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1A list of the books referred to in a scholarly work, typically printed as an appendix.
- ‘This bibliography of classical folklore scholarship is not intended to be exhaustive, of course, but it does demonstrate the wide variety of sources and commentaries available on ancient myth and popular lore.’
- ‘There are extensive notes, which provide bibliographical references - though it would help the reader if there were a bibliography appended to each chapter.’
- ‘Apart from criticizing the contents, he discovered that eight key references in the bibliography referred to nonexistent papers in nonexistent journals.’
- ‘To each is appended a significant bibliography for further reading of both older and newer scholarship.’
- ‘Appendices and a short bibliography are included.’
- ‘It is rounded off by a series of appendices and an exhaustive bibliography.’
- ‘Each chapter includes references at the end, as well as an extended bibliography as an appendix.’
- ‘Six appendices and a bibliography complement the volume and I recommend it for serious students of the German war machine in WWI.’
- ‘Useful appendices and an extensive bibliography add to the book's reference value.’
- ‘The extensive bibliography refers to books, periodicals and theses, government and media materials, and websites.’
- ‘He supplements his book with interesting appendices and a solid bibliography.’
- ‘The chapters of the book are well written, illustrative, and most importantly, have lengthy bibliographies referring to classic literature as well as cutting edge studies in the respective fields.’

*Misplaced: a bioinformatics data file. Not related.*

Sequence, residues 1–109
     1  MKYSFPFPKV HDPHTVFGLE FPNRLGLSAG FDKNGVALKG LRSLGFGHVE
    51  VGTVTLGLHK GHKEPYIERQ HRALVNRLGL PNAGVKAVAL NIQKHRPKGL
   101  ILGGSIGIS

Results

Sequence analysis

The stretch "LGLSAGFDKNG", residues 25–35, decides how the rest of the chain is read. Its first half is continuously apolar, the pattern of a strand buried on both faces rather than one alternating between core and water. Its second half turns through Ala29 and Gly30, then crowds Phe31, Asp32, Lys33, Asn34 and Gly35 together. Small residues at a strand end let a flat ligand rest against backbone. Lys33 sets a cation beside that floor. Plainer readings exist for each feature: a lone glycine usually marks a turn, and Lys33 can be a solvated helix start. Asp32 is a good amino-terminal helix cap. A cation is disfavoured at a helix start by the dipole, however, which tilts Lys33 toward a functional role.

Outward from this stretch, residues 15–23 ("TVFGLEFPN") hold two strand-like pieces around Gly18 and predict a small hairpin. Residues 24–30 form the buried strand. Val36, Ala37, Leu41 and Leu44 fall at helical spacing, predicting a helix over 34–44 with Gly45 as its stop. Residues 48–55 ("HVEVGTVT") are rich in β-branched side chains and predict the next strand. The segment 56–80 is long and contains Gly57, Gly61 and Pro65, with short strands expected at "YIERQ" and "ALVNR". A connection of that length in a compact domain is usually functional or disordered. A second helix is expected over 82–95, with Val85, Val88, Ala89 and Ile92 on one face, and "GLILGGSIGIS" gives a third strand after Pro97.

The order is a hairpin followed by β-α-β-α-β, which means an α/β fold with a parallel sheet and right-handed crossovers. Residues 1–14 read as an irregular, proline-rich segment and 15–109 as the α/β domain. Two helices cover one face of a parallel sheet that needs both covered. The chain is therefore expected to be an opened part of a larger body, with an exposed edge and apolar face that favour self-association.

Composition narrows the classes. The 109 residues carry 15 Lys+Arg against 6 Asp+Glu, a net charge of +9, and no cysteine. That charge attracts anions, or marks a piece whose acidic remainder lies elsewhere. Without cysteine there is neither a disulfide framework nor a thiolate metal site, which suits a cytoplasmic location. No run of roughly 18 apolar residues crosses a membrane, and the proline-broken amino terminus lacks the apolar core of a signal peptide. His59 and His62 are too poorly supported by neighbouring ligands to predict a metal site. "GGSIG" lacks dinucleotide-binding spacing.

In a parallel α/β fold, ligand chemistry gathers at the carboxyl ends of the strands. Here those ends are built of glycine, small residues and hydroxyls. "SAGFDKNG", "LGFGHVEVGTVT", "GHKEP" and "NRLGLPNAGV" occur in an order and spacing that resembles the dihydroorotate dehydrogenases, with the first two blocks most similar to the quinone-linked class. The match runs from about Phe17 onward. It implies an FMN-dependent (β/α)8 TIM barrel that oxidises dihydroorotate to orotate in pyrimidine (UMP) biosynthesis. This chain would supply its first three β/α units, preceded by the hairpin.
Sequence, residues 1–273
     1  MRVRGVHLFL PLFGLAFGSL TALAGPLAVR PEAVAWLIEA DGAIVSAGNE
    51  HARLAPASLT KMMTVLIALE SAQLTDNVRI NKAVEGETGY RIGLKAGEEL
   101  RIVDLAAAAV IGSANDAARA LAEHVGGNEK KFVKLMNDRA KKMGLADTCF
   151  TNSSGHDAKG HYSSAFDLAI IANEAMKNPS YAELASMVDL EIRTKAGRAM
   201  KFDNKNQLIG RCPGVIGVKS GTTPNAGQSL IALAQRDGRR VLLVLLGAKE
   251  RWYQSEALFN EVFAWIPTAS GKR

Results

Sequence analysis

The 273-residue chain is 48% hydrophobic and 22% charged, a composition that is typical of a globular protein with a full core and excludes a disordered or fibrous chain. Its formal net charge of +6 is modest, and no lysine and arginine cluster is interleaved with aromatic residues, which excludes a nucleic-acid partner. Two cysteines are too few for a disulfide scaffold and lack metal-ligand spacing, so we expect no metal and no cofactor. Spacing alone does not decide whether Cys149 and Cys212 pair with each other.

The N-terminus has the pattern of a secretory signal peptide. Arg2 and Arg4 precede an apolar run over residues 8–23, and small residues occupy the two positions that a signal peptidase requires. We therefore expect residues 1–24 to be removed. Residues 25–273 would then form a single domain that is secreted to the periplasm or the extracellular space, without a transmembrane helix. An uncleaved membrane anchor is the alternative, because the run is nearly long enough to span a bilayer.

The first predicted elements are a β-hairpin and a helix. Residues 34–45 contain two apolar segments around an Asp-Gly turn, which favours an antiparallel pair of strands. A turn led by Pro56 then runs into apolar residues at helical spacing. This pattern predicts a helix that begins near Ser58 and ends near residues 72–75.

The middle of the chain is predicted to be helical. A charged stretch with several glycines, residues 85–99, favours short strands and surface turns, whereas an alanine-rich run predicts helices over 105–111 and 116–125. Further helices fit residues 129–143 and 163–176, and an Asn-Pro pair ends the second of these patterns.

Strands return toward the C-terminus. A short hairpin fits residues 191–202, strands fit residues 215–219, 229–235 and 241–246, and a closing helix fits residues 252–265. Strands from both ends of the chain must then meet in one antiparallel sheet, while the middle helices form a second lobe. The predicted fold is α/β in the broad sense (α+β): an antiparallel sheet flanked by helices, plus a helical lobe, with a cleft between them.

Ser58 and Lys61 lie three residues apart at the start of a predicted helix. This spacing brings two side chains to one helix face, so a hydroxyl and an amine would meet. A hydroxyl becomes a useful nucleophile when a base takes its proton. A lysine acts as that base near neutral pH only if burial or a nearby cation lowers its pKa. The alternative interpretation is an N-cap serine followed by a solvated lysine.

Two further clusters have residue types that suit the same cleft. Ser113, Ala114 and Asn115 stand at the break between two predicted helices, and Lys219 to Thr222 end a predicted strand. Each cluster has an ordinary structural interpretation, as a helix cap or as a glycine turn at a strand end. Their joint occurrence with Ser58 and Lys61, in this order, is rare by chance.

- ‘The book also includes a useful bibliography and appendix.’
- ‘Some of the twenty-one essays include extensive documentation, bibliographies, and appendices, making available materials often known only to specialists.’
- ‘There is a lengthy bibliography and two helpful appendices.’
- ‘Readers can now find explanations on such matters as how best to cite websites in bibliographies and refer to e-mail addresses in documents.’
- ‘While it lacks notes, it does include a selected bibliography that will help scholars track down its many and varied sources.’
- ‘The book also includes a short glossary, a thorough bibliography, and seven appendices.’
- ‘For professionals, the greatest value of the book will be found in the exhaustive bibliography and the appendix of internet sources for exotic species.’
- ‘Finally, the bibliography and appendices are enviable.’
- 1.1 A list of the books of a specific author or publisher, or on a specific subject:‘a bibliography of his publications’
- ‘For one, the book contains a definitive bibliography and indices on the subject.’
- ‘An overwhelming amount of research is involved in compiling an author bibliography.’
- ‘In addition, there is a bibliography of his publications from 1952 to 2000, and an index.’
- ‘The two articles in Part 1 survey Richardson's work and provide a bibliography of his publications.’
- ‘A helpful bibliography lists the researcher's publications from 1954 to 2001.’
- ‘A good bibliography of Spencer's publications is given by Shaw, and the Bibliography of North American Geology gives an even more complete list.’